The Austin designer James David [he runs the design/nursery called Gardens] also placed his extensive Mediterranean-style garden on the tour. I'm sure that Gardens could tell you what would work for an allee in Austin!

Annie at the Transplantable Rose

    Bookmark   November 10, 2006 at 10:29PM
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txjenny(z8 TX)

Thanks, guys. The refined googling did help. Ink, i've never seen that spelling before; good to know. Pet peeve of mine when something is misspelled. About the "hedge" warning--my plan is to have the outer branches of the trees barely touching at maturity.

Annie, I didn't get to the Garden Conservancy Tour! I didn't even know about it. we should get together for the next garden tour here in Austin. I was also thinking about using Bradford pears because of the "look", but i've read that they're not the most desirable trees due to weak wood.


    Bookmark   November 15, 2006 at 9:46AM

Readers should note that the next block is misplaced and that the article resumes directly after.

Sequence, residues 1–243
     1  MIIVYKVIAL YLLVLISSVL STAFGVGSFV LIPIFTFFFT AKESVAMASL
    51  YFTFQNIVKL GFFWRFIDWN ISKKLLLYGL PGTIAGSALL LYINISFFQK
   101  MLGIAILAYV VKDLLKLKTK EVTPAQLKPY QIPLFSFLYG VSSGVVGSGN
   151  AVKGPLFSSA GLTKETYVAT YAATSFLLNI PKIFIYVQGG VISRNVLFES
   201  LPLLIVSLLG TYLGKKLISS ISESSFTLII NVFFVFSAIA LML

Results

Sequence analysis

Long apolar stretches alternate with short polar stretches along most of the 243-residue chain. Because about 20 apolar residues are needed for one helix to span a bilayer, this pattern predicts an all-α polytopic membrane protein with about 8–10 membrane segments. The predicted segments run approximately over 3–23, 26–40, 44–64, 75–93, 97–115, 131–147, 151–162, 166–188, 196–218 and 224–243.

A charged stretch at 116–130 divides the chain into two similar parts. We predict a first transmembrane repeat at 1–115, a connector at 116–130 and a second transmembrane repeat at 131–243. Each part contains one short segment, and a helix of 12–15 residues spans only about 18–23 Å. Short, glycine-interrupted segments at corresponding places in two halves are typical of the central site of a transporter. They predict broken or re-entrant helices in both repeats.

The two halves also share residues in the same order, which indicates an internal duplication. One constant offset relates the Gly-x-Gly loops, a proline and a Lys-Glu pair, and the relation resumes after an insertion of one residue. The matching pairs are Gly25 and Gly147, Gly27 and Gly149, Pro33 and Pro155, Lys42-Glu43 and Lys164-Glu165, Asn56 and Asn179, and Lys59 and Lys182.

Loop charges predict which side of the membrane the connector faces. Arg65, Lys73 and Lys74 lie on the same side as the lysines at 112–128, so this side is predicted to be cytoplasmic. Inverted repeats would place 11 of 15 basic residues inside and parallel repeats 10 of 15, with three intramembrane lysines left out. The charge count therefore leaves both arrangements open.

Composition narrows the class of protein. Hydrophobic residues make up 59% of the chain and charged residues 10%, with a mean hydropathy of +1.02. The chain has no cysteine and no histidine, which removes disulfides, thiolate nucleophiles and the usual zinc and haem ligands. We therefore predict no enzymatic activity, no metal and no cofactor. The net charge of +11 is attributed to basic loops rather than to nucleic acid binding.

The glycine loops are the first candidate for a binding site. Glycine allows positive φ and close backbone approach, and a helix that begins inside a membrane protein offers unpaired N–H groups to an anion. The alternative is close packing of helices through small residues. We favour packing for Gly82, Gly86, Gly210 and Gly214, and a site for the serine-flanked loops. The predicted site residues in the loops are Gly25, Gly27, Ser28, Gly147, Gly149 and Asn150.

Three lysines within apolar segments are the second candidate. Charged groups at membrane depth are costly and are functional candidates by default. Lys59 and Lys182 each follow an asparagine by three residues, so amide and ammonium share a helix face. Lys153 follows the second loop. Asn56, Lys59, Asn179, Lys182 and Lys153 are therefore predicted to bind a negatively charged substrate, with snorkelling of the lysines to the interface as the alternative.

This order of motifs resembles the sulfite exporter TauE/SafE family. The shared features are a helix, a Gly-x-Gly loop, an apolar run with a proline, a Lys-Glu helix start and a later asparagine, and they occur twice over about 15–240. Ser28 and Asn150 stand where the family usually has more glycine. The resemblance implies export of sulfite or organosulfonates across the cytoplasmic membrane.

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OK, Nandina, I give up. I have searched "garden allees + Texas" in various combinations on Google and Google Images and nothing comes up. Also tried Ink's spelling. What is the secret?

    Bookmark   November 15, 2006 at 11:35AM
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I just did a search again and none of the sites came up that I found before. So it goes. Perhaps the following thoughts will help you...

When planning this type of project the following questions must be asked and answered.

1. Ultimate height of trees used? Do the clients want a 'natural' tree growth look or will they pay to have the European pruned 'formal' look?

2. Will the tree growth remain branched to the ground or will tree trunks be exposed to a certain height...if so, how high?

3. Evergreen or decidious trees?

All of the above helps with tree selection. It sounds as though one of the disease free, more upright growing Crape myrtle varieties should be considered.

    Bookmark   November 15, 2006 at 1:41PM